Earlier this year a friend shared a terrific article titled Creating While Clean, personal stories of eight musicians who thrive creatively without drugs or alcohol.
Although we’re separated in age by several decades — and one of us cannot carry a tune — I was stoked to learn that Memphis-born singer songwriter Julien Baker (profiled in the article) and I have both been sober a similar amount of time. One of my favorite quotes in the article is from Julien:
"There's so much value in reminding people that they can change the trajectory of their lives."
Last month I celebrated six years of living in the Sunlight of the Spirit. (Fellow Texan Brene Brown refers to it as Sober and Sparkly, and she just celebrated 23 years!) However one refers to it, the essence of recovery is all about transformation: a profound shift that leads to lasting change. As a way to honor my recovery, throughout May I shared via Instagram six transformative shifts I’ve experienced during my journey.
At some point we all experience a wall that negatively interrupts our trajectory. When that happens, my wish is for you to experience one or more of these shifts. Or, perhaps you’ll experience one that isn’t listed. If you do, I hope you’ll share it with me. We heal in community, and I am profoundly grateful for everyone who has — and continues to be — a part of my community. Thank you!
Note: To read the full Instagram post, including comments left by others, just click on the card image!
I once experienced fear so debilitating it blocked my superpower: my ability to GSD (Get Shit Done). I woke up every day running down the list of everything I was sure I would lose that day. What changed? Six years ago I stopped trying to ‘figure it out’. In that moment of letting go I experienced what Richard Rohr describes as “an initial opening of my heart and mind space.”
Early in my recovery journey I was holding on way too tight to hurt, shame, fear, and more. I was not, as Ralph Waldo Emerson wrote, “Sitting loosely in the saddle of life.” Turns out I had to be willing to let go of who I thought I should be in order to show up in life as I really am. In that moment I began to experience what Brene Brown terms “the birthplace of joy, of creativity, of belonging, and of love.”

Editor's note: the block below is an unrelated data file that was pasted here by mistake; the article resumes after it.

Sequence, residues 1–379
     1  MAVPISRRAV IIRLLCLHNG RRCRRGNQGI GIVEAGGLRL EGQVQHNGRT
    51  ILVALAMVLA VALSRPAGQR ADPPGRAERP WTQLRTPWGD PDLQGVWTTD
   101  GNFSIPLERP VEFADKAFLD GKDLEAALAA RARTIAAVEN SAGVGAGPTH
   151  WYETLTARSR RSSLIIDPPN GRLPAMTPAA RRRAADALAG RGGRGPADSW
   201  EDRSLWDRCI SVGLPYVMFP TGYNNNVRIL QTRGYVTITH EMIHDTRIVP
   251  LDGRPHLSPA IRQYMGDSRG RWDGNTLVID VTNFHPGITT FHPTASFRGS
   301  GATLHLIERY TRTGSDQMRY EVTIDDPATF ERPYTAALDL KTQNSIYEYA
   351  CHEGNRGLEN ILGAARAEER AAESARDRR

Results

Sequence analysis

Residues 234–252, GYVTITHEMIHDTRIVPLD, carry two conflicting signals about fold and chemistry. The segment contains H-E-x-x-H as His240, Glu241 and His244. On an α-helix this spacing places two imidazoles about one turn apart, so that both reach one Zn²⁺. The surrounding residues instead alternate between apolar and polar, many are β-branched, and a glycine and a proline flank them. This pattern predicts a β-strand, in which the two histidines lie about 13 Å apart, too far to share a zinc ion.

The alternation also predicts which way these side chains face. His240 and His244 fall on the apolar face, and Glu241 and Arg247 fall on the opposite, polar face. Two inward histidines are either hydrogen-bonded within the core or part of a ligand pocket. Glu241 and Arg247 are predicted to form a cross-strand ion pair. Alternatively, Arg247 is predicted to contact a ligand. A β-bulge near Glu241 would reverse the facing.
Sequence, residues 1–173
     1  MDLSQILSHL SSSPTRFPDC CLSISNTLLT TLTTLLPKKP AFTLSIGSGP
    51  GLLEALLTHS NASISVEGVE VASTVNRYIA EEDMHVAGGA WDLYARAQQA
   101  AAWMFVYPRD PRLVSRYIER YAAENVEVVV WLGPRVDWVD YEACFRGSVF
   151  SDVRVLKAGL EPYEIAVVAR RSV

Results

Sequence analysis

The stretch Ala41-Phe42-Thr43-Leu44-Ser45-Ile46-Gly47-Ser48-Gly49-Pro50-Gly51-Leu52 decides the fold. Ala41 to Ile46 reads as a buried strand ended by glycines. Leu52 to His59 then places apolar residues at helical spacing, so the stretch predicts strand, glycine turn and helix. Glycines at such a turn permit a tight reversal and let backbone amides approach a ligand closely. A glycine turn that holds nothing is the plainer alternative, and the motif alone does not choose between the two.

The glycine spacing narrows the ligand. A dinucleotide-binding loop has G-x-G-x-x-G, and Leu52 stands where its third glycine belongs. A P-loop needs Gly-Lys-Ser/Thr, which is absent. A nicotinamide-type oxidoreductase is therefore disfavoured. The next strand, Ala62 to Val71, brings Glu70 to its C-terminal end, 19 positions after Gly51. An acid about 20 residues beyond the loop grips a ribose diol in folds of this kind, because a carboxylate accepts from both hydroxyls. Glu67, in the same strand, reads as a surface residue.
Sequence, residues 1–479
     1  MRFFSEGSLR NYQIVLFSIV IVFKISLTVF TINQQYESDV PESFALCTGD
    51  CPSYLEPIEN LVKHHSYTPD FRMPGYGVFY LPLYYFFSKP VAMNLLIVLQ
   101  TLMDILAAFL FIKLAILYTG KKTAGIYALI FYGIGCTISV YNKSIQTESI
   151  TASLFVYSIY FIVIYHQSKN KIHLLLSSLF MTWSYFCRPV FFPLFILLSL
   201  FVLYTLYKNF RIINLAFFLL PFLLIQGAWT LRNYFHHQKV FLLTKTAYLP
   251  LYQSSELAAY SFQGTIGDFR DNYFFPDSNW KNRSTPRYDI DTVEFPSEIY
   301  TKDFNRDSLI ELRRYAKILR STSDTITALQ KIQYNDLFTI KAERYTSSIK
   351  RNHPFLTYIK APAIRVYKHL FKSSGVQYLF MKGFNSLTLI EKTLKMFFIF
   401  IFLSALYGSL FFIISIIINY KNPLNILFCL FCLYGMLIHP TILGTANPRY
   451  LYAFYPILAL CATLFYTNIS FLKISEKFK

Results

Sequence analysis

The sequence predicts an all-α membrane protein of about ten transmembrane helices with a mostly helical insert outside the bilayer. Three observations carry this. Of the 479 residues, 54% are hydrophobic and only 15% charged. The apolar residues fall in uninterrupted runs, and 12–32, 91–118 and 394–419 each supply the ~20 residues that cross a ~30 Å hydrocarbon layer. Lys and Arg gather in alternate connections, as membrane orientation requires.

One of the many things addiction (or any major life interruption) does is tilt us toward scarcity. And when we’re in a scarcity mindset, things only get more scarce. A consistent way to move from scarcity to abundance is to remember that every day we make a decision to get up and take action, we will experience tailwinds — the positive forces at our back — that propel us forward.
Any journey is about going from to going to. One of the many transformative shifts I’ve experienced over the last six years is going from a state of feeling directionless and not grounded to one that’s grounded in a True North — or orientating point for life. My True North is meaningful relationships, meaningful experiences, and meaningful work, in that order, always.
Any time we hit the wall, we are susceptible to feeling disconnected and feeling “a part from.” There’s a line in 12 Step literature that refers to being “isolated and alone in self-constructed prisons.” That’s the best description of the disconnection I felt during the most challenging periods of my addiction. Today I’m grateful to once again feel a part of — and connected to the relationships, experiences, and work that give deep meaning to my life.
Being in active addiction to anything — work, relationships, sex, alcohol, drugs — is hard work. Being in recovery in hard work, too. The difference is the outcome we experience based on the path we follow. In active addiction my life dramatically contracted. In recovery it has dramatically expanded.